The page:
Stocks wobble after Federal Reserve news but close mostly higher

U.S. stock indexes overcame a wobble to close mostly higher Wednesday after the Federal Reserve said it would start reducing its huge bond portfolio next month and was still on track to raise interest rates later this year.

The central bank's announcement drove bond yields higher, lifting shares of banks and other financial firms. Banks benefit from higher bond yields because it means they can charge higher interest rates on loans.

High-dividend stocks, such as utilities and household goods makers, fell. Income-seeking investors find those stocks less appealing when bond yields move up.

“The announcement was pretty much in line with what was expected,” said David Chalupnik, head of equities at Nuveen Asset Management. “So far, the market is taking it in stride, but I don't know if it should. This will slowly impact growth.”

The Standard & Poor's 500 index inched up 1.59 points, or 0.1%, to 2,508.24. The Dow Jones industrial average rose 41.79 points, or 0.2%, to 22,412.59. The modest gains nudged both indexes to record highs, extending a run of milestones that stretches back to last week.

The Nasdaq composite fell 5.28 points, or 0.1%, to 6,456.04. The Russell 2000 index of smaller-company stocks advanced 5.02 points, or 0.4%, to 1,445.42.

Trading on Wall Street had been mostly subdued this week before the Fed's announcement.

Fed policymakers decided to leave the central bank's short-term benchmark interest rate at 1% to 1.25%, but also said they still expect to raise the rate one more time this year and three times in 2018, if persistently low inflation rebounds.

The Fed has modestly raised the rate four times since December 2015 after keeping it at a record low for seven years after the 2008 financial crisis.

In addition, the Fed said that next month, it will begin to gradually unwind its $4.5-trillion balance sheet. The portfolio consists primarily of government and mortgage-backed bonds. The move will gradually increase long-term borrowing rates.

The prospect of another Fed rate increase this year at a time when the U.S. economy is growing modestly and may slow somewhat from the effects of hurricanes Harvey and Irma, could be bad news for stocks the next few weeks, Chalupnik said.

“At least over the near term, probably between now and the end of October, the market is at risk,” he said. “And it's at risk because of lower economic numbers, higher interest rates and earnings that, on an individual-company basis, could disappoint if they were impacted by hurricanes Harvey and Irma.”

After the announcement, bond prices slumped, sending the yield on the 10-year Treasury note down to 2.27% from Tuesday’s 2.25%.

Investors also bid up shares in banks and other financial companies, which led the gainers. Zions Bancorporation climbed 1.6% to $45.11. Raymond James Financial rose 1.4% to $82.32.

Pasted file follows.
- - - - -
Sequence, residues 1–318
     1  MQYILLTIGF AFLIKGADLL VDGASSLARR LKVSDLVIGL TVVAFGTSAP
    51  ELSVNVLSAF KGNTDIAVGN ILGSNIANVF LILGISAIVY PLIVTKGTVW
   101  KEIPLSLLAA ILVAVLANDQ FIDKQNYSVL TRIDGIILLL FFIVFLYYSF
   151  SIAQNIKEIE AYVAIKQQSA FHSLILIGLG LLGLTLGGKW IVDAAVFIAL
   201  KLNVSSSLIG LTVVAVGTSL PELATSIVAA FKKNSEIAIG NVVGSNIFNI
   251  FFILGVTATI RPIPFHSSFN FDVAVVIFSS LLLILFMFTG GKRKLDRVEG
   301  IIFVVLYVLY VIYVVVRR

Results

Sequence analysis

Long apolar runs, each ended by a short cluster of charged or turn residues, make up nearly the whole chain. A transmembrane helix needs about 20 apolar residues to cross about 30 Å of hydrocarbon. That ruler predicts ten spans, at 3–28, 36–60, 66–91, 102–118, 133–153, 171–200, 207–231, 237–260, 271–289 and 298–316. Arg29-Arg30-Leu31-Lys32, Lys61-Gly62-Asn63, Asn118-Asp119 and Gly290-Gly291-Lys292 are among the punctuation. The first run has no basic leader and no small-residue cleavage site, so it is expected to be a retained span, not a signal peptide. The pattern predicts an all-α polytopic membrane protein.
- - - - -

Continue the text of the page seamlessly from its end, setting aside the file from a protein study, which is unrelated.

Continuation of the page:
The Fed statement also sent the dollar higher against other currencies. The dollar rose to 112.38 yen from 111.50 yen. The euro fell to $1.1885 from $1.1997.

Technology companies were among the biggest decliners. Qorvo slid 5.4% to $70.32.

Adobe Systems slumped 4.2% to $149.96. The business software company posted solid quarterly results, but investors were concerned about the performance of its cloud business.

Western Digital fell 4% to $86.37 after Toshiba, Western Digital’s partner, said it approved a deal to sell its chip business to Bain Capital. Western Digital had wanted to buy it.

Traders also sold off several packaged-food companies after General Mills' latest quarterly results fell short of Wall Street's expectations. The cereal maker sank 5.8% to $52.17. Kellogg fell 1.8% to $64.72. Campbell Soup fell 1.7% to $46.51.

Bed Bath & Beyond plunged 15.9% to $22.74 after the home goods retailer reported that its latest quarterly sales at stores open at least a year, a key metric for retailers, fell short of analysts' forecasts.

Investors also weighed new data on the U.S. housing market that showed sales of previously occupied homes fell 1.7% in August. Over the last 12 months, U.S. home sales have risen only 0.2%. The report from the National Assn. of Realtors pulled down home builder shares. CalAtlantic Group fell the most, declining 2.7% to $34.60.

Energy companies rose along with the price of crude oil. Chesapeake Energy climbed 3.7% to $4.19.

Benchmark U.S. crude climbed 93 cents, or 1.9%, to $50.41 a barrel on the New York Mercantile Exchange. Brent crude, used to price international oils, jumped $1.15, or 2.1%, to $56.29 a barrel in London.

Wholesale gasoline was little changed at $1.66 a gallon. Heating oil rose 3 cents to $1.81 a gallon. Natural gas fell 3 cents to $3.09 per 1,000 cubic feet.

Gold rose $5.80 to $1,316.40 an ounce. Silver rose 6 cents to $17.33 an ounce. Copper stayed at $2.97 a pound.

Markets overseas were mixed. Germany's DAX and the CAC 40 in France both rose 0.1%. The FTSE 100 index of leading British shares was flat. In Asia, Japan's Nikkei 225 edged up 0.1%, South Korea's Kospi fell 0.2%, and Hong Kong's Hang Seng index rose 0.4%. Australia's S&P/ASX 200 slipped 0.1%.


UPDATES:

2:55 p.m.: This article was updated with closing prices, context and analyst comment.

1:15 p.m.: This article was updated with the close of markets.

8:55 a.m.: This article was updated with market prices, context and analyst comment.

This article was originally published at 7 a.m.

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